Nixon announced his resignation on national television Aug. 8, effective the following day, in an address that downplayed his personal responsibility but emphasized the good of the country. The presentation was preceded by what has since been described as a night of paranoia in the White House. Memoirs by Kissinger and others mention prayer, heavy drinking, Nixon's muttering to portraits on the White House walls -- elements anecdotal and perhaps apocryphal, indicating the level of disarray at the top of American government, and how government essentially stood still for a summer.
Commemorating the events of 1974, the Nixon Presidential Library & Museum in Yorba Linda, Calif., has begun releasing portions of reminiscences of the last days in office, recorded in 1983 by Nixon and former aide Frank Gannon and not heard in 30 years. They provide friendly banter between two old friends, speaking of mistakes made and something of presidential honor, and history's judgment, on Nixon's mind. For example, after Nixon decided to leave the presidency, his wife attempted to persuade him to stay, until he played her the "smoking gun" tape.
Nixon mostly stayed out of the public arena until his 1994 death -- notwithstanding a series of exploratory and sometimes confrontational television programs with interviewer David Frost, as well as Nixon's involvement in settling a strike of baseball umpires. His fall from power had the effect, in part, of negating his administration's triumphs: closing the war in Vietnam, lowering the voting age, and opening relations with China. Those became achievements the Republican Party was reluctant to mention for fear of bringing up images in voters' minds of the scowling, defensive, combative Nixon.
A 1974 UPI "Year in Review" quotes Rep. William Hungate (D-Mo.) on Nixon, July 24, 1974, the day the U.S. Supreme Court unanimously ruled that all presidential audiotapes must be turned over to congressional investigators:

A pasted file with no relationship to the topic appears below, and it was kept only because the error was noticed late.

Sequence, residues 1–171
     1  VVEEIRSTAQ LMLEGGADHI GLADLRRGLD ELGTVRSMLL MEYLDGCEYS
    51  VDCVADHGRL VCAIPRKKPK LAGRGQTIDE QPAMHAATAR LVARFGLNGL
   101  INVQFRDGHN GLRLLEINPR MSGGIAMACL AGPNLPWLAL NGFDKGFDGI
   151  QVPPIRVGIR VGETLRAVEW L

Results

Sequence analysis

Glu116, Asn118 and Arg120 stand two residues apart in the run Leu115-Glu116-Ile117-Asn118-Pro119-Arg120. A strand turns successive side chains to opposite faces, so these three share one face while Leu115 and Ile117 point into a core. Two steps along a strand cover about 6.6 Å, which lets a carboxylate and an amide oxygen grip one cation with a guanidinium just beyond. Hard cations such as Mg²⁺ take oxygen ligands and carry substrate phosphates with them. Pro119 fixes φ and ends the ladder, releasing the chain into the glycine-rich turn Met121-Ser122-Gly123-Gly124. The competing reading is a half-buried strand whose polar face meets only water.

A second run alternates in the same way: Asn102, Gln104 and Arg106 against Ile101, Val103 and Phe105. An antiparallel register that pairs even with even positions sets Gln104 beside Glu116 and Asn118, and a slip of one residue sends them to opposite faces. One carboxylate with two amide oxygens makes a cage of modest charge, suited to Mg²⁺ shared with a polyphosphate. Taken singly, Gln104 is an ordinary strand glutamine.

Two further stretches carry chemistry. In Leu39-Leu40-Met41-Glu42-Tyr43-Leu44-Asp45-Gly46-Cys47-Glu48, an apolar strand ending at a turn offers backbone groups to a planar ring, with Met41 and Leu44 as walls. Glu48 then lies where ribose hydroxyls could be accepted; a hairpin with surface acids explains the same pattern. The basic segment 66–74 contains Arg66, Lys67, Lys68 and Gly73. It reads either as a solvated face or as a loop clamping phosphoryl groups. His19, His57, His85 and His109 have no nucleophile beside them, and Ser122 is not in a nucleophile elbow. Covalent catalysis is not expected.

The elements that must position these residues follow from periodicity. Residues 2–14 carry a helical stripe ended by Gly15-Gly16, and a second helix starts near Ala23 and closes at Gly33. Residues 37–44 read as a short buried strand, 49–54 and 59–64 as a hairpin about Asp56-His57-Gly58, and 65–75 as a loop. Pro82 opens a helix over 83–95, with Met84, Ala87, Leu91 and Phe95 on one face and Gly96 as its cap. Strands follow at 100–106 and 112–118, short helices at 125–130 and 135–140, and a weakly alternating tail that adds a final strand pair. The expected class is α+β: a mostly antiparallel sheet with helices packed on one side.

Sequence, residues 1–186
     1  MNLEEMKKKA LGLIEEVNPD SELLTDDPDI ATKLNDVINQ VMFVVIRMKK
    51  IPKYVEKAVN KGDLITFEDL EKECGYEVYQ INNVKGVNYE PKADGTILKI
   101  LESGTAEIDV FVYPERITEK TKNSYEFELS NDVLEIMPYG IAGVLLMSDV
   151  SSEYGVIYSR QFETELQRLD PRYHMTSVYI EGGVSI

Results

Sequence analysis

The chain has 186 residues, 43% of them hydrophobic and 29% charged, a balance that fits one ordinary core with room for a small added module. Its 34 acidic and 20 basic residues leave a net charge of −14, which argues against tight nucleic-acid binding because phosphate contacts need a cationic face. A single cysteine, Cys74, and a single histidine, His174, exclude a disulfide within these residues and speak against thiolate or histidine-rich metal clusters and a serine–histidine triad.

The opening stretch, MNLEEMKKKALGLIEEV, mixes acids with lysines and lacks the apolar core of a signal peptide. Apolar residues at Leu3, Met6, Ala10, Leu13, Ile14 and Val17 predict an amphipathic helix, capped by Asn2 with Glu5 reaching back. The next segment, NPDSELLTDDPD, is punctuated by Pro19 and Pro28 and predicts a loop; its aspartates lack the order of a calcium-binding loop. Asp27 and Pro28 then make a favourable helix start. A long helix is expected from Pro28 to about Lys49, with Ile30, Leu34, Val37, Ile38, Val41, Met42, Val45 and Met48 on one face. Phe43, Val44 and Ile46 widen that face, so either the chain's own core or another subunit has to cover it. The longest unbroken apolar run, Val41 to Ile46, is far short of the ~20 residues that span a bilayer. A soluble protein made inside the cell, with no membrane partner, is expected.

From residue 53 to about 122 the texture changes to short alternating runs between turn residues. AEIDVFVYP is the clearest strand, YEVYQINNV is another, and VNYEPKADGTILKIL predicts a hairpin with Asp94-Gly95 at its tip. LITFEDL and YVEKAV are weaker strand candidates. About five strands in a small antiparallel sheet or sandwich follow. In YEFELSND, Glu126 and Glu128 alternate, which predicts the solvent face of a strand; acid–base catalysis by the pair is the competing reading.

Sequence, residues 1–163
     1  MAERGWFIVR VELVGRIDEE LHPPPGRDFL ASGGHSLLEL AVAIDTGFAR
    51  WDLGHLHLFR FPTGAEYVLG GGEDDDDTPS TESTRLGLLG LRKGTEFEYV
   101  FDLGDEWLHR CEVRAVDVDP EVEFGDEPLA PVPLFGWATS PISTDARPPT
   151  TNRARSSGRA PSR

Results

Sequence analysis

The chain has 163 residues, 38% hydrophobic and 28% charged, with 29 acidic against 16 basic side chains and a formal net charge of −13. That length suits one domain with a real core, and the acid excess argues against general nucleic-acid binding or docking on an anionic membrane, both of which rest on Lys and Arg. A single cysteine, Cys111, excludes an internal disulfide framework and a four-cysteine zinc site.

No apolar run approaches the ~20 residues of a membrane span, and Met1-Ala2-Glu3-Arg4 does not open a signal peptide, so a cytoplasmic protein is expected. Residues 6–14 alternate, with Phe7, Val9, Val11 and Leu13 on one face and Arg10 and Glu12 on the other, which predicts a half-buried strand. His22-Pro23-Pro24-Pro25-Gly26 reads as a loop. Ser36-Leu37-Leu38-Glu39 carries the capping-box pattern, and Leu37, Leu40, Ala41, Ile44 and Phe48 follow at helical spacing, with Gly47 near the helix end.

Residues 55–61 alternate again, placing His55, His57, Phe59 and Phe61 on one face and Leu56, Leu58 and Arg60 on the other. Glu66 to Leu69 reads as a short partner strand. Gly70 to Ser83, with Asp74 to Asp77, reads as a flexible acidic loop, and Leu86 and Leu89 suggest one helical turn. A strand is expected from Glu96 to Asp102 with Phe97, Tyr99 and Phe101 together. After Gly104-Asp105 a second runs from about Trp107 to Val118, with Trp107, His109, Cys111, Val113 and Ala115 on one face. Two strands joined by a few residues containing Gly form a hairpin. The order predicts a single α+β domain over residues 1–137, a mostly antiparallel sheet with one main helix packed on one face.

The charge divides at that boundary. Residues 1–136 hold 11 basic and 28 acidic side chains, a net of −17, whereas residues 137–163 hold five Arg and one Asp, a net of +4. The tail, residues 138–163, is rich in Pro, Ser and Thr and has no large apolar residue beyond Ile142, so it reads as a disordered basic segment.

"He shows a lack of concern for morality, a lack of concern for high principles, a lack of commitment to high ideals of public office that makes the transcripts a sickening exposure. Richard Nixon is humorous to the point of being inhumane. He is devious; he is vacillating; he is profane; he is willing to be led; he displays dismay and gaps in knowledge. He is suspicious of his staff, his loyalties minimal. His greatest concern is to create a record that will save himself and his Administration."
Forty years after Nixon's resignation, that largely remains his image.
Every U.S. president since Nixon has been threatened, however obliquely, with the possibility of impeachment. President Bill Clinton survived his impeachment in 1998 on perjury and obstruction of justice charges. Yet it is no coincidence that presidential terms since Nixon have experienced relative stability, whereas few 20th-century presidents served exclusively full terms prior to Jimmy Carter.
Meanwhile, special care has been taken since 1974 to observe the separation of powers in American government. While Congress and the Supreme Court had roles in Nixon's downfall, neither was accused of usurping power from the executive branch during the Watergate scandal -- a political premise whose respect has increased since.
In the 1974 elections that followed Nixon's resignation, Democrats gained three Senate and 49 House seats. And Ford's 1976 presidential defeat by Jimmy Carter can be attributed, at least in part, to widespread public perceptions that Ford's blanket pardon of Nixon for any undisclosed crimes -- a month after the resignation -- was overly generous. That pardon did, however, spare America the potential ordeal of a Nixon trial.
Laws regarding financial disclosures by some government officials were strengthened in the wake of Nixon's resignation. And candidates' release of information such as income tax returns, while not required by law, are now a part of the election equation.
Politicians also no longer tend to record their office conversations, even if smartphones continue to embroil them in scandal and spark a media uproar.